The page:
Zakaria: There are limits to what AI can do and limits to what machine learning can do. … AI is a very powerful way to assist human beings in doing things but won’t replace them altogether. And as you say, there are a certain amount of common-sense skills that computers simply cannot, at this point, acquire. There’s judgment, there’s ethical choices, there’s the communication of ideas to other human beings, there’s empathy. It’s not one thing; there’s a whole range of things that human beings are actually much better at.

There are certainly going to be areas where a computer and AI just take over something routine. … The emphasis then becomes, for the human being, on the strategy, on the judgment, on how to think — which is not a bad thing. In a sense, what human beings will be free to do is spend more time on the higher cognitive functions — problem-solving, judgment, strategy, human relationships and teamwork — rather than very routine mechanical processes. If we can work this out correctly, we will find that it has the potential to allow human beings to do more interesting things better and to leave the duller things for the computer.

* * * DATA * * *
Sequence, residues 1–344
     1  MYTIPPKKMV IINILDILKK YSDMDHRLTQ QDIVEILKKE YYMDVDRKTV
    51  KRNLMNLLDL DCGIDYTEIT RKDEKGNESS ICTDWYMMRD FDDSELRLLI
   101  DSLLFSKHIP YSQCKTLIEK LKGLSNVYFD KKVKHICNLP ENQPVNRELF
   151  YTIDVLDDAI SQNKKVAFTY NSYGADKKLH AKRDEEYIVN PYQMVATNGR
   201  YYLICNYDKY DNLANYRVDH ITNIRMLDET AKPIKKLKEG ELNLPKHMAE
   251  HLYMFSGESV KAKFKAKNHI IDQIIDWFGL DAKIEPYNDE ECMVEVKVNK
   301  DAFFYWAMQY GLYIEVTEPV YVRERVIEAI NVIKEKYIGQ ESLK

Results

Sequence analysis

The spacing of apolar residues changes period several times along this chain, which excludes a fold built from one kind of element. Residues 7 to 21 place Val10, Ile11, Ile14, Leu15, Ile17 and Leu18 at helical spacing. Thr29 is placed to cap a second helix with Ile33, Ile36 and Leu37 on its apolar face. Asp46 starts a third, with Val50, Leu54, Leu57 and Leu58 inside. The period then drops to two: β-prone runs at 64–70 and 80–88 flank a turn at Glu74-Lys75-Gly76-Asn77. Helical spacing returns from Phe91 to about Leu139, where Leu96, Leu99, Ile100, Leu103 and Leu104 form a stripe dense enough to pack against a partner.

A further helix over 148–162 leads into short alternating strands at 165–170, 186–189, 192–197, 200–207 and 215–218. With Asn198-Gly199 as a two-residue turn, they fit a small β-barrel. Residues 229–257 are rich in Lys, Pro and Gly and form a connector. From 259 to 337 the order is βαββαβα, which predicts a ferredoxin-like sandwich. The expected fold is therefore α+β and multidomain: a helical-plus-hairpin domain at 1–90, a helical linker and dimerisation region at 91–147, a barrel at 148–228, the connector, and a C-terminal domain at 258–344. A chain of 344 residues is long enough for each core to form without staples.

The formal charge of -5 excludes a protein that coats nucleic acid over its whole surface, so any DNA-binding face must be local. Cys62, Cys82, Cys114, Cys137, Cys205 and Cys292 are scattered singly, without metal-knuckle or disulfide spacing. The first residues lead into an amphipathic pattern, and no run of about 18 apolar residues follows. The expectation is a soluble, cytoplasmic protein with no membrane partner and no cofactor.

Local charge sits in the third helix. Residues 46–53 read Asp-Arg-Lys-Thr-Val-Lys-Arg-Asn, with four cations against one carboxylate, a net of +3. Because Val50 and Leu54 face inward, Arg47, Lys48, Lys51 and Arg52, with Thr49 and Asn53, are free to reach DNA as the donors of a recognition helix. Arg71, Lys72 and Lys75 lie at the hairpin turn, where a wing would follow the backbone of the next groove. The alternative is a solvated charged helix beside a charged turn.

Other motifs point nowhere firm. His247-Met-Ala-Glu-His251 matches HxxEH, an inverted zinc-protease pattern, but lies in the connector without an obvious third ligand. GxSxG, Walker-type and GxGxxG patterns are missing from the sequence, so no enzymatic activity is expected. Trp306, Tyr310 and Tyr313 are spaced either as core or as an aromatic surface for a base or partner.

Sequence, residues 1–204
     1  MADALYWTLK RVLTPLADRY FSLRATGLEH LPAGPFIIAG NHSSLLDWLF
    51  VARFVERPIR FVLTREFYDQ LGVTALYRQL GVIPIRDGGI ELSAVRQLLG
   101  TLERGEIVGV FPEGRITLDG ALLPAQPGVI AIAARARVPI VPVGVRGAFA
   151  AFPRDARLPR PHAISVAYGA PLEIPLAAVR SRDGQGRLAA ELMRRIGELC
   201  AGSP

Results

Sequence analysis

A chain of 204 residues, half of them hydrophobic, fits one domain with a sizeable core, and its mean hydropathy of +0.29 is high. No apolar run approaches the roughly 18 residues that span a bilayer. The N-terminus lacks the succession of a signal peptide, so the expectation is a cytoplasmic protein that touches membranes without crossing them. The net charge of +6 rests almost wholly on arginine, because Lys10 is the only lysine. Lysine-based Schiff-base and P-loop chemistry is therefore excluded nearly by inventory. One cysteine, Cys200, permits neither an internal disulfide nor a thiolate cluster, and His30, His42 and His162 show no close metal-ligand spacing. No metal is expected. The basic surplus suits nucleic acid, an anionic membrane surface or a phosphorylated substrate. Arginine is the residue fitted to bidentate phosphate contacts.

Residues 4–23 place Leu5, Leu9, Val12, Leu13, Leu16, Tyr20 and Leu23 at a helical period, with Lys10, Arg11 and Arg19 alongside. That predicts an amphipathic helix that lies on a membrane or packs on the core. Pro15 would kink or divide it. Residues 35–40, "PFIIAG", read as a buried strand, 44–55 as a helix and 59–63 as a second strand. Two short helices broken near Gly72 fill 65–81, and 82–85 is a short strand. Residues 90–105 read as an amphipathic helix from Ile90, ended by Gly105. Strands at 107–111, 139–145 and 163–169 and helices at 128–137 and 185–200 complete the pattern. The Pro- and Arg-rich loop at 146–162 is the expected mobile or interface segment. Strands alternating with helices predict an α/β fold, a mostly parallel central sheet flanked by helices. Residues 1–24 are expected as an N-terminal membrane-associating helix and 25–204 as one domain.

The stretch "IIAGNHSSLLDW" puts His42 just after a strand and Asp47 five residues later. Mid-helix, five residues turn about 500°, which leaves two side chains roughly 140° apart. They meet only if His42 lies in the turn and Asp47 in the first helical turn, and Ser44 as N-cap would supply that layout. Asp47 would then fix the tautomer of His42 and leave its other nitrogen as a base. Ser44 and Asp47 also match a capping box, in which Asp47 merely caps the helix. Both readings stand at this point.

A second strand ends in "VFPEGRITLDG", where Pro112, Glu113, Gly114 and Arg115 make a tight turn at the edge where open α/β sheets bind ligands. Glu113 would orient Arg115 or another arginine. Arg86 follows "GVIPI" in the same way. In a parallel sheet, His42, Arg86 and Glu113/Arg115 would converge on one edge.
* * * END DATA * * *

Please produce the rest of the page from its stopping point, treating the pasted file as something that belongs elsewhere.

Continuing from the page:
Rennie: What strategies do you believe are necessary in order for us to “work this out correctly,” as you put it?